"Up" Flies Into Theaters

Jason Singer
Mar 23, 2010


Pixar's latest creation, "Up," hits theaters today riding ski-high reviews.

Unitl this point, Pixar has made nine movies, and all nine have been great. Five of the company's pics — "Toy Story," "Toy Story 2," "The Incredibles," "WALL-E" and "Ratatouille" — are some of the best animated features you'll ever see.

Is there a more consistent product in America today?

Although Sandusky certainly provides it's own colorful entertainment (See: Man Arrested For Mowing City Park), "Up" will probably offer 90 minutes of more-than-worthy escapism. Check out the trailer below:




My wife and I went to the Plaza 8 Theater on Sunday to see Up in Disney Digital 3D (r).  First off, the 3D: The Glasses are simple polarized lenses that the theater charges you an extra couple of dollars.  However, If you go to the last matinee of the day, tickets are one dollar cheaper (or were when I went).  If you remove them during the movie, it looks like a doubled image.  Unlike typical color-shift 3D (think the old pictures with the movie-goers wearing the red and blue glasses), this doesn't distort the color of the film.  The digital 3D is very crisp (even the pixar logo with the lamp at the beginning is in 3D).  Yes, some of the shots were deliberate "3D moments" that you expect; however, Pixar keeps to tradition and leaves the action mainly plot and character driven.  The 3D media is just there to add (pardon the pun) another dimension to the movie.  If you don't want to see it in 3D, then the Norwalk Theater is showing the movie without the Disney Digital 3D (r) "experience".

Second, This is not a movie for small kids.  It is rated PG, and it is much darker than previous pixar outings.  Many of the themes are geared toward a mature mind and would be lost on smaller children.  Some of the darker parts of the movie deal with themes of infertility, the loss of a spouse, single parents, and unattentive parents.  The story is a self-realization for Karl (the old guy), and not so much a coming-of-age for Russell (the kid).  Kevin (the bird), Dug (the dog), and the rest of the canine pack provide ample comic relief throughout the movie.  If you have ever owned a dog, love dogs, or own one or more currently, the dogs will make you laugh.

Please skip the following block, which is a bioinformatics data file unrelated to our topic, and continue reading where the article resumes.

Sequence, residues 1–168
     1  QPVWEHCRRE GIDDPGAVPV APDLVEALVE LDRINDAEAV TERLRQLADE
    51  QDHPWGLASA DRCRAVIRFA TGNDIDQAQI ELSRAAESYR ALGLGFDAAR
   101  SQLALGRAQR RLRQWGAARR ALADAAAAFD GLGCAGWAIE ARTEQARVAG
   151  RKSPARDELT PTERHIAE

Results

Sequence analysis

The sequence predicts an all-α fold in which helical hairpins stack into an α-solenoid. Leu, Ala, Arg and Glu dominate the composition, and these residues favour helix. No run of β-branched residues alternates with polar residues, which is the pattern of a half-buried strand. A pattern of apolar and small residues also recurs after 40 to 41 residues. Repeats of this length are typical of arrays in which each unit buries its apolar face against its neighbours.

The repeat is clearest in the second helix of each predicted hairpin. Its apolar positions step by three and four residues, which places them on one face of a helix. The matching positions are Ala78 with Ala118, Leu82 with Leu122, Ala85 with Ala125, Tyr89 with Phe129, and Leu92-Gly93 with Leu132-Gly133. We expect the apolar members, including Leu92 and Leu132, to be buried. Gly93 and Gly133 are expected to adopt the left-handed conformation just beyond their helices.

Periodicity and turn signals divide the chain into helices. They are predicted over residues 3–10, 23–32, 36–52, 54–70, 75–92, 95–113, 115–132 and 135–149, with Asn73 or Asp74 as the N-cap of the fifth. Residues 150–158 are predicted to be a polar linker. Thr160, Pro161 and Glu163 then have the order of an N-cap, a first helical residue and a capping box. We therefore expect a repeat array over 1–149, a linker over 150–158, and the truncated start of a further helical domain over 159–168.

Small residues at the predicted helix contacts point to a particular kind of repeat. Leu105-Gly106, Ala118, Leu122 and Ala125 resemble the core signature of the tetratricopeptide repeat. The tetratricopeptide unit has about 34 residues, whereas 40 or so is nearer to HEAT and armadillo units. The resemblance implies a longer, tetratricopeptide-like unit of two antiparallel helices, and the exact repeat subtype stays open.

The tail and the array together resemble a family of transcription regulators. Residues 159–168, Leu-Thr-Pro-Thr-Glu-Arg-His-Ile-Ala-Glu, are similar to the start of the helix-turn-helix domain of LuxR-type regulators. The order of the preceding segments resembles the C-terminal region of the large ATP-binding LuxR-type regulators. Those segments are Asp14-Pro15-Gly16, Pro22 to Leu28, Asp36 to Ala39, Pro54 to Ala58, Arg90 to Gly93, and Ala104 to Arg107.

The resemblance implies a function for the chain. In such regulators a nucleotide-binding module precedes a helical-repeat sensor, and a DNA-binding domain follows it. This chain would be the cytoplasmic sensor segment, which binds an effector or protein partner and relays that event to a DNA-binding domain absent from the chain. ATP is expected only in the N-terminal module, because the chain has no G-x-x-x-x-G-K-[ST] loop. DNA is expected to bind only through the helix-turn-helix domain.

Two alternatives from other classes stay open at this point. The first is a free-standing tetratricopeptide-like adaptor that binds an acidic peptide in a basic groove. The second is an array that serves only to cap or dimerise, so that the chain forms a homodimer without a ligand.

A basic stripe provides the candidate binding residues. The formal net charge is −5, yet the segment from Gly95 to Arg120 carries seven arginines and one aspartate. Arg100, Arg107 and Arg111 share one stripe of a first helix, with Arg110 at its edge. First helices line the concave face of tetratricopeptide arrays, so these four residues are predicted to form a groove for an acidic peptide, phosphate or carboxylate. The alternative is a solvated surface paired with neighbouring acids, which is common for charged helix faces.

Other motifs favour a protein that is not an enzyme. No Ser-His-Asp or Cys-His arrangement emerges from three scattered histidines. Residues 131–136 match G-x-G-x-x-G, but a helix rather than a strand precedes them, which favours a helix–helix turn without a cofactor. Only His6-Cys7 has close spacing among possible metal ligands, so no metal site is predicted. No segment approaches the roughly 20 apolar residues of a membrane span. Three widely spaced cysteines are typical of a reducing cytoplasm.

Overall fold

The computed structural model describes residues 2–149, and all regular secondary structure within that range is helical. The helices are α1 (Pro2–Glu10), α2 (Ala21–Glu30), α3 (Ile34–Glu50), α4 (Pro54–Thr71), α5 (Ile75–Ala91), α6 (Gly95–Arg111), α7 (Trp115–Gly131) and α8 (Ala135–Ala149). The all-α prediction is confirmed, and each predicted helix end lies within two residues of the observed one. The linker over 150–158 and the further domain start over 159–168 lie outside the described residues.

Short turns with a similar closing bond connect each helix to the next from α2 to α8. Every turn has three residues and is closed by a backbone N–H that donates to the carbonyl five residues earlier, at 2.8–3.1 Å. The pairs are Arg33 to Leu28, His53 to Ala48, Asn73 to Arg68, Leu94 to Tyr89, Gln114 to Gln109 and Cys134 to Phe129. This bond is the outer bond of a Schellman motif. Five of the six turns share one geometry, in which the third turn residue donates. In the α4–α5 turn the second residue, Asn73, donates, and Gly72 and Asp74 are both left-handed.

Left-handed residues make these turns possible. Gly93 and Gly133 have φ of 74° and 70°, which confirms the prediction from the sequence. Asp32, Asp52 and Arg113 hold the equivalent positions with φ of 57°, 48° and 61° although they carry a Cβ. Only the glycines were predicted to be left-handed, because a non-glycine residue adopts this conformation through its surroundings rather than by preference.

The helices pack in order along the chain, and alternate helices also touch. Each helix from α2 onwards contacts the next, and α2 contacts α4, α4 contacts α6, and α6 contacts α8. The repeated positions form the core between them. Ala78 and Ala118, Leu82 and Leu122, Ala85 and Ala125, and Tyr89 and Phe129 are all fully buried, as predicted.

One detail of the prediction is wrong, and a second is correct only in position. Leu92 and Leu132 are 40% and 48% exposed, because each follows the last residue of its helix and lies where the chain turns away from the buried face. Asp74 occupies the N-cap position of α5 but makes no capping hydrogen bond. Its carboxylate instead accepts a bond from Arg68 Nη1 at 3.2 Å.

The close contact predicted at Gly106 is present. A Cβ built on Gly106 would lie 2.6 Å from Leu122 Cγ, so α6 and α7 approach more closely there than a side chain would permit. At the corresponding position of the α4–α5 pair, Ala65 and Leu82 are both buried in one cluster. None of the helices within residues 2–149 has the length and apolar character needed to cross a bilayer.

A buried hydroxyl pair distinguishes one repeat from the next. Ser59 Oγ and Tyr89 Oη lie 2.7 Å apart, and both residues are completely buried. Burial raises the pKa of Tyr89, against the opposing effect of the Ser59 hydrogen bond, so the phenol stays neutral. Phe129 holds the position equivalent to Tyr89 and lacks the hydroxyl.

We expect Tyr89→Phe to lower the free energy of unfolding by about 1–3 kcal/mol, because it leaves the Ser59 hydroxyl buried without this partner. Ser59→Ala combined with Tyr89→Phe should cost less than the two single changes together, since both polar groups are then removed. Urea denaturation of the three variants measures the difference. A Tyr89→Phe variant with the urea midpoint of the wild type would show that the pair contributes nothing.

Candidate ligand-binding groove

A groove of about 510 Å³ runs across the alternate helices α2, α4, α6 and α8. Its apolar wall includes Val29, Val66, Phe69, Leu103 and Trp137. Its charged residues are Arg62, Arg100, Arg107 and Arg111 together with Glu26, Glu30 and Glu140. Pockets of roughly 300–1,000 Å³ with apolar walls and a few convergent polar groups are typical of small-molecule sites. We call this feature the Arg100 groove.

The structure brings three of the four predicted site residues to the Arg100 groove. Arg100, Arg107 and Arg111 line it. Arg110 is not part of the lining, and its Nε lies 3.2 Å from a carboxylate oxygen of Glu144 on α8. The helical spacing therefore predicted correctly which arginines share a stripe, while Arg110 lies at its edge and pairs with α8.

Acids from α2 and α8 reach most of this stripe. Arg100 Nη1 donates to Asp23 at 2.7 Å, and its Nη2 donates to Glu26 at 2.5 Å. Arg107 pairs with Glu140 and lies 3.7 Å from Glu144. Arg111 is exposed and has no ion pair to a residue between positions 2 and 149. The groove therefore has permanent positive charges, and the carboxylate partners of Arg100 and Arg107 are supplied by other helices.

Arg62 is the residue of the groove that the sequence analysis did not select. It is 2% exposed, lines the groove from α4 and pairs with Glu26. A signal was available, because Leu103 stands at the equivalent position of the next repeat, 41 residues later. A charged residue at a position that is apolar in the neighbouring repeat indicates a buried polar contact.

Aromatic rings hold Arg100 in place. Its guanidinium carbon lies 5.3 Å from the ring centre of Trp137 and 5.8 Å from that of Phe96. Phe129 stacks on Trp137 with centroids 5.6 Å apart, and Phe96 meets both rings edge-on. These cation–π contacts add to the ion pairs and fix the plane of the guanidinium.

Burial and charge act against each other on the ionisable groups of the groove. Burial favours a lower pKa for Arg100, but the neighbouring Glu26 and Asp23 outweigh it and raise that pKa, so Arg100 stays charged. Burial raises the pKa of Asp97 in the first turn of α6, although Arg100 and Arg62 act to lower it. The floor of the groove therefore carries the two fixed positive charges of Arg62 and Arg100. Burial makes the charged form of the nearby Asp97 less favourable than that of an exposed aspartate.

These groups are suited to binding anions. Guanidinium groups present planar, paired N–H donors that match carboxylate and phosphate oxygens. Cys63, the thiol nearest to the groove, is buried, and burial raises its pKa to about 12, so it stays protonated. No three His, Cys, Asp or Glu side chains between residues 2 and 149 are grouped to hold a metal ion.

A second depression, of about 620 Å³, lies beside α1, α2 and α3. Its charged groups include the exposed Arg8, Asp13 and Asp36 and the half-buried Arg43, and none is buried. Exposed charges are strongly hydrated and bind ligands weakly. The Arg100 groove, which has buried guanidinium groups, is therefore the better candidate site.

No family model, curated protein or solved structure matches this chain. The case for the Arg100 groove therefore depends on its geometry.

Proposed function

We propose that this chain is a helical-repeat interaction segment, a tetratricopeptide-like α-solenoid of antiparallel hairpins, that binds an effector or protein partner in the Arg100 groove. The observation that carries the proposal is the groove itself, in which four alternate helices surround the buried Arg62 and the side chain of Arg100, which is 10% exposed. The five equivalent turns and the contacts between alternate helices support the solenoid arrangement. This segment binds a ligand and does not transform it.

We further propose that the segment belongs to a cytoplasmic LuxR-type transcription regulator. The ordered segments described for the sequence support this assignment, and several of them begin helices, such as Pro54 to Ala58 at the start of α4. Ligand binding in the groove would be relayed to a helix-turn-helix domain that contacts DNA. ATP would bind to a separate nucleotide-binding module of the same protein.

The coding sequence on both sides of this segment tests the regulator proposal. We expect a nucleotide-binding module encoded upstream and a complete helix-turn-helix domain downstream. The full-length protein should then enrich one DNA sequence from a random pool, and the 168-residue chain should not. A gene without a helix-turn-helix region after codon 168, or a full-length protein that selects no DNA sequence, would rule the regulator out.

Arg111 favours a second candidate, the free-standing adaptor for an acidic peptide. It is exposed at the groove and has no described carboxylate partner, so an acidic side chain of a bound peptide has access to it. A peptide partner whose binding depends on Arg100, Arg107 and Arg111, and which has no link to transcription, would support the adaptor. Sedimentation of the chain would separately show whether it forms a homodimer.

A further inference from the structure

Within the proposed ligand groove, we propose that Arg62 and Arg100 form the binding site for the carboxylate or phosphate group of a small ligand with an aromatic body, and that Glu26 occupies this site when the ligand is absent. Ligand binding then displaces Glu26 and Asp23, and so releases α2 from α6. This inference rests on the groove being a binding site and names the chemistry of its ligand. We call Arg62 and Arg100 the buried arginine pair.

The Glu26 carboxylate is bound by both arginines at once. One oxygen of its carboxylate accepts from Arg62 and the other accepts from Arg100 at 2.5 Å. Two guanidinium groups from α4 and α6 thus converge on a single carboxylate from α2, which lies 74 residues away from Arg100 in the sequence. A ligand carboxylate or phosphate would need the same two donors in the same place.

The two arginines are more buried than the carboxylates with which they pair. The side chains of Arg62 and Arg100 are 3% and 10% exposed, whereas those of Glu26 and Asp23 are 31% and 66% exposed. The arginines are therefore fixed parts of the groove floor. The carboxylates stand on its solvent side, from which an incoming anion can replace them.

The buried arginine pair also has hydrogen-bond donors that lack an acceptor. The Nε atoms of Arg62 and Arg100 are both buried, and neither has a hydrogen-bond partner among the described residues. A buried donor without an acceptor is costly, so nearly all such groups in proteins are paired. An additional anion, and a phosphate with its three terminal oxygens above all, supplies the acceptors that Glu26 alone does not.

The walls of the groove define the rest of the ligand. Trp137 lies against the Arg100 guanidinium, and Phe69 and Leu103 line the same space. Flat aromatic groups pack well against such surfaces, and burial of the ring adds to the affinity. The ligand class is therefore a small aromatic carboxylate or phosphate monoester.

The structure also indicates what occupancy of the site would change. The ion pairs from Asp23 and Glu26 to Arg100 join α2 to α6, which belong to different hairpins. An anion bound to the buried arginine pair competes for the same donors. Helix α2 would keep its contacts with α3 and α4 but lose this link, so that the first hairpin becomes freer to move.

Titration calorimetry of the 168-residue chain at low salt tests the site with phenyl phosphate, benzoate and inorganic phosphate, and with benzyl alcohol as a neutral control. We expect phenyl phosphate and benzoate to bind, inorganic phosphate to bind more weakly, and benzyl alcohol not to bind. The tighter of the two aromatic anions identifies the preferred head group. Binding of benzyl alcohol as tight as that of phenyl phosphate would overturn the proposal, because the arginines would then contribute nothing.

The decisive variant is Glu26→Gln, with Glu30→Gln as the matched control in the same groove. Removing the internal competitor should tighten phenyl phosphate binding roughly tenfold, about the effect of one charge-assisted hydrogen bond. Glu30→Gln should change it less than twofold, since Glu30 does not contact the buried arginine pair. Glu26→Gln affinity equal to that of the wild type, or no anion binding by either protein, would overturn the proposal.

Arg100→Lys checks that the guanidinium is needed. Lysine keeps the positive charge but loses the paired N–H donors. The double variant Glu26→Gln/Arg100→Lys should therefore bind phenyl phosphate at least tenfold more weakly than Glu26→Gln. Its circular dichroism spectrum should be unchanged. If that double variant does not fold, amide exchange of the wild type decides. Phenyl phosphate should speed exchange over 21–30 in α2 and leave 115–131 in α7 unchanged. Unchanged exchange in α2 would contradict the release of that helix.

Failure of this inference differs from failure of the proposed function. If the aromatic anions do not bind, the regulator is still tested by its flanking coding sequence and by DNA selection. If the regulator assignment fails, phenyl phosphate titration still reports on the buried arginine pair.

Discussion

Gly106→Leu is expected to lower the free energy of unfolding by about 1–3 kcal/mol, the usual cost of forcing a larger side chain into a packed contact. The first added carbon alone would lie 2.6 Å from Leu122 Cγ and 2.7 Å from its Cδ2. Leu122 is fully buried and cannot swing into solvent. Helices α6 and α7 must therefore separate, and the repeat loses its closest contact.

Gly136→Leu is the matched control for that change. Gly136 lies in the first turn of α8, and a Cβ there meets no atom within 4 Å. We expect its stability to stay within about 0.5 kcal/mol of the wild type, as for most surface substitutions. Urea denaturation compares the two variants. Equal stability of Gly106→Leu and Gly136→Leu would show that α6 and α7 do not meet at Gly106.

This movie holds all of the sweetness and adventure of "Monsters, Inc." and most of the "cool" factor of "The Incredibles".  It is tear-jerking in parts, so be prepared to wipe away a few stray drops now and then.  Like "Ratatouille", there is no short or outtakes with the film which was slightly disappointing to me.  Overall: The scenery is beautiful, The screenplay is well written, the animation is fun.  Out of 5, I would give it a 4.5.  There is some predictibility, but the rest of the movie easily makes you forget that.  It is a great way to spend  90 minutes, and I recommend seeing it in the theater.